Fairfax County police make arrest in grisly 1994 homicide thanks to DNA break through

Police in Fairfax County say after nearly three decades, an arrest has been made in the brutal stabbing death of a mother whose body was found inside her Springfield home.

Around 12:30 p.m. on Nov. 20, 1994, a family friend went to the home of 37-year-old Robin Lawrence after her husband, who was out of the country on a business trip, couldn’t get in touch with her for days.

Ollie Lawrence’s worst fears were confirmed when the family friend discovered what police called a "heinous and tragic scene." His wife had been stabbed multiple times, all while their two-year-old daughter was in the house in the 8600 block of Reseca Lane. 

While the toddler was found safe, the shocking crime shook the normally quiet cul-de-sac community as the grisly attack appeared random and unprovoked. 

Investigators processed the scene, collected evidence and canvassed the neighborhood interviewing potential witnesses and suspects but it was unclear when the murder happened and how long the toddler had been left sitting with her mother’s remains. 

Using DNA evidence recovered from the scene, police were able to develop a profile and entered it into the Combined DNA Index System (CODIS) but there was no match in the system and the case went cold.

Over the years, detectives reviewed the case hoping to identify a suspect and in 2019, their tireless work paid off. 

"Years later, that DNA technology would improve and get better and in 2019, not giving up, our cold case detectives resubmitted that DNA to a company called Parabon," said Fairfax County Deputy Chief Eli Cory.

The Reston-based DNA analysis lab helped police develop a genealogy profile — essentially a DNA family tree — and they handed it over to detectives. 

"For three years our detectives were working with that family tree trying to put things together and ultimately that led them to Stephen Smerk," Fairfax County Police Chief Kevin Davis said. 

Smerk, 51, was taken into custody in Niskayuna, New York, where he lives.

Pictures of Smerk from 1988 and 1998 were found and compared to a digital composite image created by Parabon. With the photo lineup in hand, Fairfax County detectives traveled to New York to further the investigation. 

Smerk just so happened to be taking the trash out when detectives arrived at his home and he agreed to a DNA swab. 

"I think that's highly unusual. So that was a clue to our detectives that something may be afoot. They spent just a little bit of time with him, took a DNA sample from him at his home that he consented to. They left their business card with a cell phone number and then our two detectives simply went back to their hotel and were preparing to come back to Fairfax County when the phone rang," Davis said.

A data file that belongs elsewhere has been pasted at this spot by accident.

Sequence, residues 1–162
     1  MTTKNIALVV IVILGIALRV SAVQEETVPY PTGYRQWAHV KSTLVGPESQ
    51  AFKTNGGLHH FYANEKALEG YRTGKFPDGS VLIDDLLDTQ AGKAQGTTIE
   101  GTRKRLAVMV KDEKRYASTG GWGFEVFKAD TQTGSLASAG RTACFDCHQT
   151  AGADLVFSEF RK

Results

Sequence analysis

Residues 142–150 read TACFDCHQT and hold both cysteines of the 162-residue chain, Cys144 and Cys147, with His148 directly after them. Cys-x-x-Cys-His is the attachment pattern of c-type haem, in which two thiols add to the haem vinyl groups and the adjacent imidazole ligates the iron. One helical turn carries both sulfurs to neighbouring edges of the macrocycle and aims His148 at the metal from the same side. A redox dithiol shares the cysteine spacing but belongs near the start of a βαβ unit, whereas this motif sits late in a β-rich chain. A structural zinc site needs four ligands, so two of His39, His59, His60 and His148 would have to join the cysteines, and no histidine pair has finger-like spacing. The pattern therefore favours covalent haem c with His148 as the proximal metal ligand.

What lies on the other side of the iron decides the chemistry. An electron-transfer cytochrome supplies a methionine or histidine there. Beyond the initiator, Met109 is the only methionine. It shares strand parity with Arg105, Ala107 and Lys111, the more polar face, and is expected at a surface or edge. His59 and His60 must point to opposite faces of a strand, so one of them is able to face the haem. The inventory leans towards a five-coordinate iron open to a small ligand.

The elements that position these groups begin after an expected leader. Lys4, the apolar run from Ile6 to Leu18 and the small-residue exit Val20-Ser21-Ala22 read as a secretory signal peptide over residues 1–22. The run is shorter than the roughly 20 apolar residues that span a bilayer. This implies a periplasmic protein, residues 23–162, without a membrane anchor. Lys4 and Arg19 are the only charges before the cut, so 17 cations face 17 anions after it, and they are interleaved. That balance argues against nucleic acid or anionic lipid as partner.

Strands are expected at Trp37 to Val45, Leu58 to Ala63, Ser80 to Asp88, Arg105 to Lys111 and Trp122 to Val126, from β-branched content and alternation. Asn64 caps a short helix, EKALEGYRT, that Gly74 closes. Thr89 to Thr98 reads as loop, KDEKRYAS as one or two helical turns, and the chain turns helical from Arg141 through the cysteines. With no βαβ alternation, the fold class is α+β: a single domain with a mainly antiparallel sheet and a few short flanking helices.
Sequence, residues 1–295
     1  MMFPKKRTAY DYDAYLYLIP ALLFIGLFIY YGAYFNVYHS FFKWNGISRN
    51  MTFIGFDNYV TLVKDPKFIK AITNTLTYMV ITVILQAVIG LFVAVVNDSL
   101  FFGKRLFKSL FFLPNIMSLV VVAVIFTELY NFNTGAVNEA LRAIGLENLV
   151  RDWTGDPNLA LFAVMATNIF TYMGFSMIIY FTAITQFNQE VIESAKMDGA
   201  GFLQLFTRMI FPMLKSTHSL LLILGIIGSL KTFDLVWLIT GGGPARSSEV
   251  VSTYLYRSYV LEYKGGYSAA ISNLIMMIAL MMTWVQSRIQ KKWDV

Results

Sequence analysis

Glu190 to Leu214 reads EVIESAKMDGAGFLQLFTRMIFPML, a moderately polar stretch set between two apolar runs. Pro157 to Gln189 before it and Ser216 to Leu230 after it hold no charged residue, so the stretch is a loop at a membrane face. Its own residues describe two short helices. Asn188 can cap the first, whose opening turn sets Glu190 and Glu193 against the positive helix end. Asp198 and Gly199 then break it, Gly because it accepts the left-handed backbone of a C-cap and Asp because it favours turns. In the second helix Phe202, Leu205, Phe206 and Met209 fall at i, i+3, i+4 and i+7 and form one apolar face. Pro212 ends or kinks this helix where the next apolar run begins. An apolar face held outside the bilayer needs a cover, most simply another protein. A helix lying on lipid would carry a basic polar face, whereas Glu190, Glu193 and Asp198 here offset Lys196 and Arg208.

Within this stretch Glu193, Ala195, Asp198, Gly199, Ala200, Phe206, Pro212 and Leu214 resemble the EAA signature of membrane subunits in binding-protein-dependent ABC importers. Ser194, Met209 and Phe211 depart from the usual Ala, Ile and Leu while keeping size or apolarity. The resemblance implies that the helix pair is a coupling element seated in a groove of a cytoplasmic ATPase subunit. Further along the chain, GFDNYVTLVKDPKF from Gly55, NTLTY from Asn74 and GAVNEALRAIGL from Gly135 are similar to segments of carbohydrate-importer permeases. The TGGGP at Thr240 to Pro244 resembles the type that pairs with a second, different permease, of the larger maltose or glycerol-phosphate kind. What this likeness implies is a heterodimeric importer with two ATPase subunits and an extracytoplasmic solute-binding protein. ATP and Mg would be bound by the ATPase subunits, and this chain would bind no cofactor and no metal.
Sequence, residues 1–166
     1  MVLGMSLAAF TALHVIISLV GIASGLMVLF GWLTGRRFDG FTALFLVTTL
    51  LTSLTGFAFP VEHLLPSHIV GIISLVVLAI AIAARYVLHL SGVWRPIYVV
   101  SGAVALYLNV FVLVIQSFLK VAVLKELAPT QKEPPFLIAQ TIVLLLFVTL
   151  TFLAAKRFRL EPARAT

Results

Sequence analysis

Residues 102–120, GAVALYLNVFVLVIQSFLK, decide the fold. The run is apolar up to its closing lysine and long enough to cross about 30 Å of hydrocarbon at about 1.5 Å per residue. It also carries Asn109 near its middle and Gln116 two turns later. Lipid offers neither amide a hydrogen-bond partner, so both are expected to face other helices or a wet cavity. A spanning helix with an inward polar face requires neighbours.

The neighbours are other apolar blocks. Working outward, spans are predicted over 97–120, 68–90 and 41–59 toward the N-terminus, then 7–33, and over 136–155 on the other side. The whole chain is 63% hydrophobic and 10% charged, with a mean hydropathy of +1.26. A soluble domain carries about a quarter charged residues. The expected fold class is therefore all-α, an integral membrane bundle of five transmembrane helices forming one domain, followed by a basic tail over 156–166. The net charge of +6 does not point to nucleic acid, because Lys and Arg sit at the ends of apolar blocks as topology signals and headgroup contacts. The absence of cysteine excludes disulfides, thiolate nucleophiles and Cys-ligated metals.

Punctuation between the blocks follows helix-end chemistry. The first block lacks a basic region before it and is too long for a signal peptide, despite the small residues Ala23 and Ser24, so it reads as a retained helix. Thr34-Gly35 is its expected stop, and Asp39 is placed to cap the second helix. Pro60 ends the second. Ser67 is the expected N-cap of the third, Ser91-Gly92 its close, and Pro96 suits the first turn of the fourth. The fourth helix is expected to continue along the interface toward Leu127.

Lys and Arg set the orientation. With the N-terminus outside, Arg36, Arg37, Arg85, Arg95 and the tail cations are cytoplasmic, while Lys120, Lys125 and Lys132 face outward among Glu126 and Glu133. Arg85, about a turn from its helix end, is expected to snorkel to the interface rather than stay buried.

Police say he ultimately confessed to the murder and is awaiting extradition to Virginia. 

At the time of the murder, Smerk was working for the army in Fort Meyer. According to police, he didn’t know Lawrence and police say he had no prior brushes with the law.

"As far as a motive, the typical motives that we normally associate with murders, disputes, domestic violence, none of that was at play here. He chose her seemingly randomly and it was a heinous, heinous scene," Davis said. 

Smerk has been charged with second-degree murder. 

Lawrence’s cousin Lauren Ovans spoke briefly Monday on behalf of the family.

"We as the family who's sitting here to my left would like to thank the Fairfax and Niskayuna police departments for their work on this case. We look forward to learning more about the process and next steps. So, thank you," Ovans said.

Right now, Davis says they have no reason to believe that Smerk — now a married father of two — is connected to any additional crimes but he said they do anticipate phone calls and will continue to follow any credible leads.

"Our cold case detectives exhibit unparalleled dedication when it comes to closing a case with many unknowns," Davis said. "This case is but one example of how our department’s police work goes above and beyond, and it exemplifies our commitment to delivering justice regardless of the timeline."


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